The project has a healing aspect for Starr and her sons, allowing something good to emerge out of such sadness. “It’s a legacy for Jonny. Getting kids to read his words, to share that joy,” she says. “It’s about a positive use of energy, everyone getting together.”

Support has been wide ranging, involving friends, family and colleagues. For many years, Jonny had developed an online children’s library for educational software firm 2Simple which chose to publish Striker Boy, their first print book publication, for no profit. They have also created free teacher resource packs to help promote positive mental health. Gould narrated the book’s audio version.

Starr is candid about how her family has managed in the months following Jonny’s death. “Well…” she says, slowly. “It’s like concentric circles. I think we have coped by being held and contained by our family, friends and our wider community (Rabbi Jonathan Wittenberg and New North London Synagogue). There are layers of containment and in the inner, inner circle there’s just us four now and we’re very tight. I try and be open and honest with the boys and follow their lead with anything in their lives, but especially regarding Jonny.”

Therapy has helped her cope but so too has restorative yoga, cranial osteopathy, dog walking, aromas, crystals, “God knows, anything,” she says, laughing. “But as well as all that, talking openly has been very healing. I know we all grieve differently but talking works for me.”

Another significant form of help for her has come from a fortnightly suicide support group. “It’s amazingly supportive because everyone is in the same boat. The large amount of attendees — there were 50 the first time I went and that’s only a fraction — demonstrates just how many people are affected by a suicide. It is the biggest killer of men between the age of 29-50 and there’s this huge fallout from it on families and communities.”

Starr believes that the understanding of men and mental health is more complicated than the way it is often portrayed in the media. “It’s much more complex than just talking about the issue. There are so many strands: social media, male identity and societal expectations of men. There are wider issues too, such as our education system, our pressure to succeed, the everything-is-wonderful-on-Facebook culture. It’s toxic. I know that from my clinical work with teenagers. Obviously there does need to be more money put into mental health services but talking alone is not enough.”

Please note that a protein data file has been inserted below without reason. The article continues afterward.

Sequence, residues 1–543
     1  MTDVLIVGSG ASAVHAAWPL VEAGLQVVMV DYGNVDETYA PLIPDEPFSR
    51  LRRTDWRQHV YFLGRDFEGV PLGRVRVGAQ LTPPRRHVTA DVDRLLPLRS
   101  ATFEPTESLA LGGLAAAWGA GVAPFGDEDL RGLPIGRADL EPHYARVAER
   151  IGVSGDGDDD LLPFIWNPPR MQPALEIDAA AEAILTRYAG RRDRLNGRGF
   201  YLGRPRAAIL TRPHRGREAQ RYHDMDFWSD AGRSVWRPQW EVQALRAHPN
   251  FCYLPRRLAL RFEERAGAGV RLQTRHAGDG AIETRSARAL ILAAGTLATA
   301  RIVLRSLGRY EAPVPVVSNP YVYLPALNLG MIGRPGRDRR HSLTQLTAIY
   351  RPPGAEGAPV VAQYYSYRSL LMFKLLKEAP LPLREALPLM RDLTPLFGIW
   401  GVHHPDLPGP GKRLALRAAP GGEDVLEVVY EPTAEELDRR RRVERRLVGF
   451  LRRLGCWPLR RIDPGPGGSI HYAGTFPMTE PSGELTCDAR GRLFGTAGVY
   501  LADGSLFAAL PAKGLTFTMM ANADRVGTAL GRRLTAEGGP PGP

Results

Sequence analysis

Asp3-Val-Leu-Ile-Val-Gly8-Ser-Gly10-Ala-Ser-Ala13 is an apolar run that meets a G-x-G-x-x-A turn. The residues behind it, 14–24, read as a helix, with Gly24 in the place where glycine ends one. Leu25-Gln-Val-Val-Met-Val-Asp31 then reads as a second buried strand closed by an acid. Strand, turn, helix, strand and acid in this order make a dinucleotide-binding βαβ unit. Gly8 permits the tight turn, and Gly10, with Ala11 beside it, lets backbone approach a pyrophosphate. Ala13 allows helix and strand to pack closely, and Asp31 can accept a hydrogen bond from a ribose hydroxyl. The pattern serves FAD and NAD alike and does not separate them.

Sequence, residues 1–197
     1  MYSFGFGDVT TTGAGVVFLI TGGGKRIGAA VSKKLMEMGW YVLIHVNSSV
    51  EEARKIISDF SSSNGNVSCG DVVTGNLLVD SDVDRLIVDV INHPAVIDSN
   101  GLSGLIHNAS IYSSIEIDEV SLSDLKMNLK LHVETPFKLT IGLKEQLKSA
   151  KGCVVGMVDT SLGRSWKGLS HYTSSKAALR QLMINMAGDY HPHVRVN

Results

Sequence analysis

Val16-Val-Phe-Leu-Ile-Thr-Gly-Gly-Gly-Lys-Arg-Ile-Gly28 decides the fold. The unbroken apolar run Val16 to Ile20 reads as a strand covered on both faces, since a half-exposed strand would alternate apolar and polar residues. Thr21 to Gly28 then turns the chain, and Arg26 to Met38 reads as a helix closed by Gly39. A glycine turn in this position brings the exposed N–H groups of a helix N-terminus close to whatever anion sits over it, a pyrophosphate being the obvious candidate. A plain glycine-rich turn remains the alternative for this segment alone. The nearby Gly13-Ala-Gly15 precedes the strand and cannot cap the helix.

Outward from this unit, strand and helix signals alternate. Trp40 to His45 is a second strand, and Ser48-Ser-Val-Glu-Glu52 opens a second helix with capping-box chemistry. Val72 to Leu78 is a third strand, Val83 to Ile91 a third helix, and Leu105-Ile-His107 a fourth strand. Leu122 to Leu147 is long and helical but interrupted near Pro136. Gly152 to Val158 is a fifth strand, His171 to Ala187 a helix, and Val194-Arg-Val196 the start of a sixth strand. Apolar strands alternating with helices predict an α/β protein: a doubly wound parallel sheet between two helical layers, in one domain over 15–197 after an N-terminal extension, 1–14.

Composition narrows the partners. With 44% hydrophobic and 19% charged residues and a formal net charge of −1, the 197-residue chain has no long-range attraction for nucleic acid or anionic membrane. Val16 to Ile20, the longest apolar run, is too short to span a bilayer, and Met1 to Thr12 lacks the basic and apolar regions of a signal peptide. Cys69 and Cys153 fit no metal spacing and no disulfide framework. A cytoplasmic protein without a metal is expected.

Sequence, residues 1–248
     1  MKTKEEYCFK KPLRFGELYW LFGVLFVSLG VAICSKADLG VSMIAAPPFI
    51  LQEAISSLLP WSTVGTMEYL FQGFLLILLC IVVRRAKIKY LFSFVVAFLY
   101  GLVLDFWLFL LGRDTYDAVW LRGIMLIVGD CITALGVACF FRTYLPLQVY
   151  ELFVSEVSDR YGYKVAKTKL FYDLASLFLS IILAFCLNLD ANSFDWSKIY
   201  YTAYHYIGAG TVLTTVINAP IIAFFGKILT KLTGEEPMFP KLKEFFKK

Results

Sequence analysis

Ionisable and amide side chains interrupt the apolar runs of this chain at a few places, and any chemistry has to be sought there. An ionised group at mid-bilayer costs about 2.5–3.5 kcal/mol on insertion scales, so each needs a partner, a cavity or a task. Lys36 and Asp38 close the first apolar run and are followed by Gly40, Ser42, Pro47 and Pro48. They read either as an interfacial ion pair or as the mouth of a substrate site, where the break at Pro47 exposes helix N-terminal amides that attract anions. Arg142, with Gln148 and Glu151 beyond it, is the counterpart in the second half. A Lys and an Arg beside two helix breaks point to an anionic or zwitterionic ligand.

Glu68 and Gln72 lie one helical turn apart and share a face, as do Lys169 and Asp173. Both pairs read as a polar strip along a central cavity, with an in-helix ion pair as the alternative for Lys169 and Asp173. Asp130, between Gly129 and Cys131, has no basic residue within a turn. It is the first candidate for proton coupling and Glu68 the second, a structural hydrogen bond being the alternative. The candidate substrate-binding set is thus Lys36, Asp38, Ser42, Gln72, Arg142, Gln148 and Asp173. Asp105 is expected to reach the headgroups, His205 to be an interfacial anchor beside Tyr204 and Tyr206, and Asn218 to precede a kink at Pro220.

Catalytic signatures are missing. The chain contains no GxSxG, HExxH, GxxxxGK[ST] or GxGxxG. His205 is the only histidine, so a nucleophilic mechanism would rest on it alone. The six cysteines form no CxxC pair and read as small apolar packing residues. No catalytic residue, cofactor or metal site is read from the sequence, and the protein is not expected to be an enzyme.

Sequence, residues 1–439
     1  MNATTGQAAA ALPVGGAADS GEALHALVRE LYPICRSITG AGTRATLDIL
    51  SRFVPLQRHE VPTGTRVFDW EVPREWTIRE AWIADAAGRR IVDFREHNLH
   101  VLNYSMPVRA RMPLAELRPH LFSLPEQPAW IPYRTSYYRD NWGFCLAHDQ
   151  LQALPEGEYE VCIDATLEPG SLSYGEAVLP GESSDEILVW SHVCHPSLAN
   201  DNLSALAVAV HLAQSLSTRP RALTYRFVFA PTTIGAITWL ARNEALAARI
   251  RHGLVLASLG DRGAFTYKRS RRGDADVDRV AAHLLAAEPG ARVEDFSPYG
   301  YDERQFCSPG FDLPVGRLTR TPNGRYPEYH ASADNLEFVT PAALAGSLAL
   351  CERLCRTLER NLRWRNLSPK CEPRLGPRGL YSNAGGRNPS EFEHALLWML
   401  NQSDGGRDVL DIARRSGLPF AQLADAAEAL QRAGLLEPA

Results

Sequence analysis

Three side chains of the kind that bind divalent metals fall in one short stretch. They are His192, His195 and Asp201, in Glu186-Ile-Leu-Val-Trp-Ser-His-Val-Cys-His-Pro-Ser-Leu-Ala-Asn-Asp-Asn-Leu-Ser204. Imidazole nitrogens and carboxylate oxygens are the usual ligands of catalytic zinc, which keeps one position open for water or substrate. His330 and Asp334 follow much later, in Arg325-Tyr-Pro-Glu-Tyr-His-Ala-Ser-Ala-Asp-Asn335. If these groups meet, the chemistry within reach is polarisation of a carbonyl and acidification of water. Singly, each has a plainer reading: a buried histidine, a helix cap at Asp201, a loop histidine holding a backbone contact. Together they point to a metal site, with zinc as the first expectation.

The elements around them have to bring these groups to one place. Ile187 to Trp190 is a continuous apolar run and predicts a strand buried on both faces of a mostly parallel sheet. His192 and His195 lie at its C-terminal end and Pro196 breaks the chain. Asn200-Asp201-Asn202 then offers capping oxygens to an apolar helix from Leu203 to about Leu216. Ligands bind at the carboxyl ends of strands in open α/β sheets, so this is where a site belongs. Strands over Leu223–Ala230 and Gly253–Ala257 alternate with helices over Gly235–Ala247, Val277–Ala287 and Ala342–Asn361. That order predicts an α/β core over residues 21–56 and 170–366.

As the first anniversary looms, she has recognised that, despite the absolute despair of Jonny’s death and missing everything about him, lately, there has been some post traumatic growth, a term coined by the positive psychology movement. “Sheryl Sandberg talks about it [in Option B, her book with Adam Grant]. It depends on the trauma but there’s a paradox. Along with the pain and the suffering comes something else. I’m better at protecting my time, I’m more available to the kids and have been more honest and closer with different people. I’ve also accepted help, which I’m not very good at usually.”

She admits to feeling worried and frightened about the coming year but is also sanguine. “I think how lucky I am, genuinely, not in a Pollyanna way. I’ve got all this,” she says, indicating her house, “and friends and family, including grandparents for the kids. I do feel really blessed. I didn’t expect death now so quickly and in this way but with life comes death and however much we want to avoid it, we all have to face it at some point. There’s certainly hope and fear about the future but actually, that’s another reason for Striker Boy. It gives another positive.” - for details of the project and to order the book. 


How to get help: 


Samaritans: Or call their 24 hour free helpline 116 123 

JAMI, the Jewish mental health charity 

The Calm Zone